The Maryland baseball team is set for its first super regional in program history after winning the Columbia, S.C., regional last weekend. (RICHARD SHIRO/AP)

Before he accepted the job in July 2012, Maryland baseball Coach John Szefc kept looking for “deal-breakers.”

He wanted another head coaching gig, but needed to know how a school full of strong athletic programs could fail to qualify for the ACC tournament, let alone the NCAA tournament, year after year. There had to be a reason his predecessor, former coach Erik Bakich, left a powerhouse league for the Big Ten, a mid-major in the college baseball landscape.

“Is there anything so bad that I’ve got to walk away?” he wondered.

Szefc raised that question again Tuesday, standing a few feet away from the puddles that cut short practice at Shipley Field, the home of Maryland baseball in the heart of campus since 1965. With the Terrapins two wins away from the College World Series, he now downplays the obstacles they’ve overcome. The outdated facility, the meager budget, the lack of tradition — none of it mattered.

“A lot of guys like to step in where it’s already established, which is fine,” Szefc said. “I always wanted to kind of get involved with a place where I could build something special.”

He is well on his way, with Maryland (39-21) playing Virginia (47-13) on Saturday in Charlottesville in the first game of the best-of-three super regional round of the NCAA tournament. This is the first time the Terps have advanced to this stage.

The Terrapins, who set a school record for wins, had qualified for the NCAA tournament only three times — and not since 1971 — before this season. And the program’s re-emergence has been sudden, with Maryland winning 14 of its past 16.

But behind the surge is the straightforward approach of Szefc. When the Terrapins entered May with a 9-14 conference record, he refused to panic. Instead, ace Jake Stinnett said, Szefc became less hands on. He “didn’t ride us as much as Bakich did,” Stinnett said.

Dominant pitching and timely hits soon followed.

“It took me a little bit longer to get a grasp of the old and the young on this team. I didn’t find that out early enough,” Szefc said. “Our staff in general realized it’s probably a good situation just to back off a little bit and let these guys figure out some things on their own a little bit. Because they’re either going to figure things out for themselves or they’re not. We’re either going to go north or we’re going to go south. And we’ve figured a lot of things out and we’ve gone north.”

Szefc’s calm came from orchestrating a similar turnaround a decade ago at Marist. After leading the school to its first four NCAA tournament appearances, he then spent 10 years as an assistant at Louisiana-Lafayette, Kansas and Kansas State, building his reputation as a recruiter and hitting coach at a national level.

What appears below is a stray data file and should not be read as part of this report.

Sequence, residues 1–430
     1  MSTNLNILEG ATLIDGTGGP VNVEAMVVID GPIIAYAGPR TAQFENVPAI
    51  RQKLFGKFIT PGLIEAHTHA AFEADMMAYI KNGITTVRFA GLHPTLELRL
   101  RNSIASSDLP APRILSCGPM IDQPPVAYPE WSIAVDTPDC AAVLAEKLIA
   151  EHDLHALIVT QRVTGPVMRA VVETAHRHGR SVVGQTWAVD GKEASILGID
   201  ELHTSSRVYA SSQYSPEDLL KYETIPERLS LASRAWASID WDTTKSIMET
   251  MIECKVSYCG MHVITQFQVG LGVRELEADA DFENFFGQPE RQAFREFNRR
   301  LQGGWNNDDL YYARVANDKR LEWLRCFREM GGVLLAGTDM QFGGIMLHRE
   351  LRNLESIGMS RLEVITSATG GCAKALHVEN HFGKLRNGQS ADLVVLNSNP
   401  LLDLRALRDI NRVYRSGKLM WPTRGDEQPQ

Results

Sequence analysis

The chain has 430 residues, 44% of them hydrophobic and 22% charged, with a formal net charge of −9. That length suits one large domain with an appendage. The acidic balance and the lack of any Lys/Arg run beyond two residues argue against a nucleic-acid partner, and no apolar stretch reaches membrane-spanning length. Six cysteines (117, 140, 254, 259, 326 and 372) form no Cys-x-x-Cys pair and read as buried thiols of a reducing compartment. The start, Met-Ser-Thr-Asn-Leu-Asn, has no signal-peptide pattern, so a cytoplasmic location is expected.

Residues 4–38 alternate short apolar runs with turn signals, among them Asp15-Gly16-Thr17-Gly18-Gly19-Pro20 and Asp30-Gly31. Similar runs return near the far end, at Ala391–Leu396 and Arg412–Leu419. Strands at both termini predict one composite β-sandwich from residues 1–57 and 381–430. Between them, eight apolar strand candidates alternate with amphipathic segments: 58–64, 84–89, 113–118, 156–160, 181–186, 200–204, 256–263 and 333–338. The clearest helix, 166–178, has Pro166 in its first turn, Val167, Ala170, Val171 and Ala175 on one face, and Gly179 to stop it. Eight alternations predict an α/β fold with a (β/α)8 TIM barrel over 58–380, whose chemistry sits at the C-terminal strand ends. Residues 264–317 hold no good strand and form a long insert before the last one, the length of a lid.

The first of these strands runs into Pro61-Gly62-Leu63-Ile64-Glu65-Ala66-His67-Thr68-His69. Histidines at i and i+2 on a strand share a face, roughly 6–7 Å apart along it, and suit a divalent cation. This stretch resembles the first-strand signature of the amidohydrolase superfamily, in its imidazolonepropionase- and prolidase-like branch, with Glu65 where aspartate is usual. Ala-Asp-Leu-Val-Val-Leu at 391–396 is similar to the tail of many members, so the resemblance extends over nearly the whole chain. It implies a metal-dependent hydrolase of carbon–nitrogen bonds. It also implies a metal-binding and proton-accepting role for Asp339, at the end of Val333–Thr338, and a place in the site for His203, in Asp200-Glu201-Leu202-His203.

“My contacts were through the roof from recruiting nationally, and it better prepared me for something like this,” Szefc said. “A lot happened in those 10 years.”

But he longed to return East when Maryland Athletic Director Kevin Anderson came calling with a predicament following the 2012 season.

Bakich had made strides during three years on the recruiting trail, and the Terrapins responded by recording at least 30 wins for just the third time in 2012. The team, though, hadn’t qualified for the ACC tournament since 2005. Bakich was then hired away by Michigan, the lure of more financial support and a recently renovated stadium enough to justify the unorthodox move of leaving one of college baseball’s elite conferences.

The Terrapins spent $187,549 in operating expenses on baseball during the 2012-13 season, according to the school’s most recent U.S. Department of Education filings, lower than every team left in this year’s NCAA tournament field and the entire Big Ten. Virginia, in comparison, spent $680,535.

But in Szefc, Anderson found a coach who had shown he could win on a small budget. “You can have the biggest budget in the world, the coolest uniforms, the nicest equipment contracts,” Szefc said. “At the end of the day, it’s what happens with the 27 outs. And you’re either good enough or not good enough.”

Said Anderson: “This season has proven we’re moving forward and we can build a great program here.”

Szefc melded Bakich-recruited players like Stinnett and center fielder Charlie White with a couple junior college transfers, tweaked the team’s approach at the plate and on the base paths by emphasizing aggression, and took some lumps fast-tracking talented underclassmen such as first baseman LaMonte Wade and second baseman Brandon Lowe (team-high .339 batting average) onto the field.

It all culminated last weekend, when the Terrapins made history by shocking South Carolina — first by ending the Gamecocks’ 28-game postseason home winning streak, then by eliminating them in a 10-1 rout — to advance to a best-of-three series against the Cavaliers with a coveted spot in Omaha on the line.

“I never did run into that deal-breaker,” Szefc said with a smile.